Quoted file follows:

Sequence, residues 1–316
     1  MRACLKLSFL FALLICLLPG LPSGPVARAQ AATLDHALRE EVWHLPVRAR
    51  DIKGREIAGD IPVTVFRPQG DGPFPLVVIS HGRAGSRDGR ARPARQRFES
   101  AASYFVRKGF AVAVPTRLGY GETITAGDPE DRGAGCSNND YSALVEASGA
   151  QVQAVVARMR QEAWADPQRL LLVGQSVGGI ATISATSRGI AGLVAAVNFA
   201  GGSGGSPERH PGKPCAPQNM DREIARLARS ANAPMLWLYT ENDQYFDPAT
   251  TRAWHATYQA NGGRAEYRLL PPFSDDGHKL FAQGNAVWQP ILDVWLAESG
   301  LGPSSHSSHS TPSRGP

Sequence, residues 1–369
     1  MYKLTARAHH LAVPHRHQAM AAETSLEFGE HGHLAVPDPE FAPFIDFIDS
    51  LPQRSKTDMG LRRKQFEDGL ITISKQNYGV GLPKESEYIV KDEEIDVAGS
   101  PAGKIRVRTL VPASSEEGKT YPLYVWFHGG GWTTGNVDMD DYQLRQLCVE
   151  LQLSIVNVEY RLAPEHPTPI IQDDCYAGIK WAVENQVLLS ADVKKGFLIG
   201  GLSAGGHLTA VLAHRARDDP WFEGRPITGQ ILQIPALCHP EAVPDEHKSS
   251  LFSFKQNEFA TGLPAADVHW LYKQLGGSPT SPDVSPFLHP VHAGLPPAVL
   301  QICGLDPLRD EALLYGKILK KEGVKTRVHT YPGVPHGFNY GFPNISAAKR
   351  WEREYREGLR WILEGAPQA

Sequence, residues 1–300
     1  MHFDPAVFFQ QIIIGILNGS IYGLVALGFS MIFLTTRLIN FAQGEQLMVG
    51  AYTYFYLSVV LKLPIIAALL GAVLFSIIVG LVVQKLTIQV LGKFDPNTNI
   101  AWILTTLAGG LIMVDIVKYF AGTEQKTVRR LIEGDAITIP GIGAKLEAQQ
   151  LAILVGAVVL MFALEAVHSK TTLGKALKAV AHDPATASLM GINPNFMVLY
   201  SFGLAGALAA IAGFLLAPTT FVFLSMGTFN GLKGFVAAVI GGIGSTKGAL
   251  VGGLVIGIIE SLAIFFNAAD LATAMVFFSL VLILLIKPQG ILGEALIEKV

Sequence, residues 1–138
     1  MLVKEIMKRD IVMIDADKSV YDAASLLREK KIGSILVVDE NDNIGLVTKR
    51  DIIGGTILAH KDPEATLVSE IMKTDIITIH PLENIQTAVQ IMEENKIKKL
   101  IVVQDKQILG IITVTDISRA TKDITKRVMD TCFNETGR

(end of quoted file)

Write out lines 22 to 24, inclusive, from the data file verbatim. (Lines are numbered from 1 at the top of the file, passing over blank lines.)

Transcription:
   151  LAILVGAVVL MFALEAVHSK TTLGKALKAV AHDPATASLM GINPNFMVLY
   201  SFGLAGALAA IAGFLLAPTT FVFLSMGTFN GLKGFVAAVI GGIGSTKGAL
   251  VGGLVIGIIE SLAIFFNAAD LATAMVFFSL VLILLIKPQG ILGEALIEKV